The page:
Hardin Memorial Hospital is raising its game for sick newborns, adding two pieces of technology to its neonatal unit that expanded just last year.
Last August, Hardin Memorial shored up $500,000 to upgrade its facilities. The latest round of grant funding will pay for a vein viewer — a portable, handheld device that illuminates the tiny veins of newborns — and a cardiorespiratory monitor, a cockpit-like display system that will show each newborn on a central screen.
Nurses currently make rounds between babies in different rooms. Bedside monitors show things like heart and respiratory rates, and oxygen levels. Kara Smith, director of inpatient surgical division at Hardin Memorial, says the difference in a central monitor could mean a baby with a decreasing oxygen rate is tended to even before an alarm goes off.
“If you’re coming through the station you might see on the monitor something doesn’t look right with a baby, even before the alarm system sounds,” Smith says.
The value to having a vein viewer, Smith says, is that nurses will spend less time searching for their patients tiny veins.
“You need access to give antibiotics, fluids, and not having an access could compromise the care of the baby,” Smith says.
There are 16 hospitals in Kentucky that have level 2 units and can provide advanced technology for babies, including ventilators. Hardin Memorial is the only level two neonatal intensive care unit in central Kentucky, which covers 10 counties including Breckinridge, Grayson and Marion. Most hospitals that deliver babies can care for the basic health needs of newborns. A hospital must upgrade to become a level 2, adding things like a 24/7 neonatologist and more advanced equipment.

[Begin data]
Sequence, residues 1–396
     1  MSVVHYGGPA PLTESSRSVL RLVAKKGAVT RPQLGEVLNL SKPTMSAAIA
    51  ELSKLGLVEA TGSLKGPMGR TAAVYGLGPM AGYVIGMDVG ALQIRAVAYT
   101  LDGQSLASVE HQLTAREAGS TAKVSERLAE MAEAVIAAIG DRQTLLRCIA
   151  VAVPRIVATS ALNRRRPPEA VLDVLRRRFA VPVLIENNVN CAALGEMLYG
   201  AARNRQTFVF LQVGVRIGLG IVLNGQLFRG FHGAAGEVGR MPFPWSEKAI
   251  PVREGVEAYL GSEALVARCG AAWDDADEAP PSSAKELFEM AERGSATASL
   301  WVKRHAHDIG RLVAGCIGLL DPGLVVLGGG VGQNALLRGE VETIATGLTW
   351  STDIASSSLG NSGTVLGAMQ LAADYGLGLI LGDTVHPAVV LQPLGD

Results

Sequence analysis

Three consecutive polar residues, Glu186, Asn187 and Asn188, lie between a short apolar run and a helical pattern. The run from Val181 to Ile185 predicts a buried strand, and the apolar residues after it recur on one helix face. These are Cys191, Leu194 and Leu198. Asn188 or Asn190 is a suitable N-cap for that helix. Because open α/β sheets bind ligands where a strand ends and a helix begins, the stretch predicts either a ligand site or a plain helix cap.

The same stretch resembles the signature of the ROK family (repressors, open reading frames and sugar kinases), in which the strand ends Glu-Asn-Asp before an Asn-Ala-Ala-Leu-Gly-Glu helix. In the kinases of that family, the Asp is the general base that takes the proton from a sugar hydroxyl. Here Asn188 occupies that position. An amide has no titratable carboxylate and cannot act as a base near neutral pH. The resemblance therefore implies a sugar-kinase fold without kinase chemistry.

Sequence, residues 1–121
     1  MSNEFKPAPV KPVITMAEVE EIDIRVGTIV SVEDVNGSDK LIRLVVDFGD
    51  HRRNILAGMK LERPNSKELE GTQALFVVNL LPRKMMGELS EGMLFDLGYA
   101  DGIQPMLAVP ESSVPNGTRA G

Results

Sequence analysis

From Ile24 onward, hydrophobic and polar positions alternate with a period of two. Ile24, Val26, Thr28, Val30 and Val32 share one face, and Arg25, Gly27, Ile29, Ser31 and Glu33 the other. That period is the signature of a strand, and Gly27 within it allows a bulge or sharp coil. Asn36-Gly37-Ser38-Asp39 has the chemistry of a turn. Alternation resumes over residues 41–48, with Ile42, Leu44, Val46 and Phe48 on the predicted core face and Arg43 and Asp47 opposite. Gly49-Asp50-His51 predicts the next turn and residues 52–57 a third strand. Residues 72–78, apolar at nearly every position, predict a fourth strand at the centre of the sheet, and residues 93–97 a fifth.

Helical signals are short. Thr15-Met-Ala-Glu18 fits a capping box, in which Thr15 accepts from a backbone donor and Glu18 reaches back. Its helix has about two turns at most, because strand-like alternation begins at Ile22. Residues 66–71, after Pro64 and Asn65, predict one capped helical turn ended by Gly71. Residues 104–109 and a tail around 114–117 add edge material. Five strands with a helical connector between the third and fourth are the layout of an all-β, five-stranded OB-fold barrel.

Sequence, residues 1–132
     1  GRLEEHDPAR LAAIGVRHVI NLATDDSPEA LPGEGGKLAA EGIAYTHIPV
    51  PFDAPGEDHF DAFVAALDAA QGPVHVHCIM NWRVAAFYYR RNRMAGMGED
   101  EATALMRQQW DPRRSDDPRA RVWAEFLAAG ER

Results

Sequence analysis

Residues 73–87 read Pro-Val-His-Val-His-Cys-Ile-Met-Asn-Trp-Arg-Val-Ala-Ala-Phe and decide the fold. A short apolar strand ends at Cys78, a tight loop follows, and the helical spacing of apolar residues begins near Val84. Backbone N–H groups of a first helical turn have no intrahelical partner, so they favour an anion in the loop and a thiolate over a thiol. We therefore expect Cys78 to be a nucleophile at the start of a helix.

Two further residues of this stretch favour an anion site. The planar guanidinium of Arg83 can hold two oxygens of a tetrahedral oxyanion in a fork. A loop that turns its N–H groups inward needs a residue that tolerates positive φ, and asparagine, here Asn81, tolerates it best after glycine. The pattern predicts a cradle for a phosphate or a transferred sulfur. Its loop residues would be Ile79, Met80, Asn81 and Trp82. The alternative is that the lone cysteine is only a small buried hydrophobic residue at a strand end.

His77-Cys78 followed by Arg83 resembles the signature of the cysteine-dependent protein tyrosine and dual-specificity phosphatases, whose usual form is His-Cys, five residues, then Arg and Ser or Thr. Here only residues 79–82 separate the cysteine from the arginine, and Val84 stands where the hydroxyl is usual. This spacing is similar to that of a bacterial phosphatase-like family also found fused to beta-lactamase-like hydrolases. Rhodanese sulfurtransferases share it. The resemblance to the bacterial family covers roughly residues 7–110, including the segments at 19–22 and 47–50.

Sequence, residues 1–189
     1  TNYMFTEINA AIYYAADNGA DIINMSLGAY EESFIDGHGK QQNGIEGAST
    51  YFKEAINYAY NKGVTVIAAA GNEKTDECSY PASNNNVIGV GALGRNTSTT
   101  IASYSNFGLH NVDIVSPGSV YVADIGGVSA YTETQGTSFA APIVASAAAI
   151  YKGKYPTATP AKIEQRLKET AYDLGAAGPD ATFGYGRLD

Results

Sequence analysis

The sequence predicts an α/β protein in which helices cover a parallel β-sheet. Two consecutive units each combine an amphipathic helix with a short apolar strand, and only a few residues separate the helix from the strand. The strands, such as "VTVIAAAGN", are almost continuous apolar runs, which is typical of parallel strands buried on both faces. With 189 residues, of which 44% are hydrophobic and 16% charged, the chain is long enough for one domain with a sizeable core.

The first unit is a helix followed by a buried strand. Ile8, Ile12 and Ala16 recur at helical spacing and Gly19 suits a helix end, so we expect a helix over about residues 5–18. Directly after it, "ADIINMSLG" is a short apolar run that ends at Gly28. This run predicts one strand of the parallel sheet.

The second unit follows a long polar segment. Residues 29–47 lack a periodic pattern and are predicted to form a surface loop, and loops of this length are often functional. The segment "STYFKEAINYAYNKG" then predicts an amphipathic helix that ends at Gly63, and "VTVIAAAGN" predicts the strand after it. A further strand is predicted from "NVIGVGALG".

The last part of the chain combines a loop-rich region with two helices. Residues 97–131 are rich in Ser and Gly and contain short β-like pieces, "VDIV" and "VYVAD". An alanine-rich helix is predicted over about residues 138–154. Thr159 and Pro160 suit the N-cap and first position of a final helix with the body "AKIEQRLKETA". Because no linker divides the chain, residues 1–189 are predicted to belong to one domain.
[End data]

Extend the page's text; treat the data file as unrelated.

Smith says the need for the level 2 unit arose with an increase in babies born at Hardin — 1,622 in 2016 — and the pressure parents faced when their infants had to be shipped to hospitals in Louisville, almost an hour from Hardin.
Since the level 2 NICU opened, 140 babies have been born, 82 of those since January.
Scott Matthews, director of maternal child health for Midwest region of March of Dimes, says that having a higher level NICU in a local community can make a huge difference for families.
“You can imagine how upsetting it can be to a family to have a baby who’s born early and then in addition having them transferred outside the community,” Smith says.
He says some things that are beneficial to newborns — like the ability to breastfeed and bond with family — are much harder if babies are farther away.
“If technology can help keep that baby in the community where the family lives, that can be a much better circumstance,” he says.
There are also seven hospitals with level 3 and 4 neonatal units in Kentucky. But they are concentrated in four counties around Louisville and Lexington. These units can perform surgery, perform transplants and do other advanced procedures on newborns.
The March of Dimes gives out yearly ratings on premature birth rates, a big factor in newborns ending up in NICUs. In 2015, Kentucky got a D rating with a preterm birth rate of 10.7 percent. The March of Dimes is pushing for an 8 percent rate by 2020.
Mary Beth Camp, March of Dimes’ NICU support program coordinator, says it’s important for rural areas to have higher care facilities nearby because it affects the eventual outcome of the baby. Babies who are born just a few weeks early are three times more likely to die in the first year of life compared to full-term infants, and are also twice as likely to die of SIDS than full-term infants, according to the Kentucky Department of Public Health.
“It’s been proven that the more family is involved while the baby is hospitalized, the shorter the length of stay and the better the [health] outcome,” Camp says.
|County||Highest neonatal unit available|
Map by Alexandra Kanik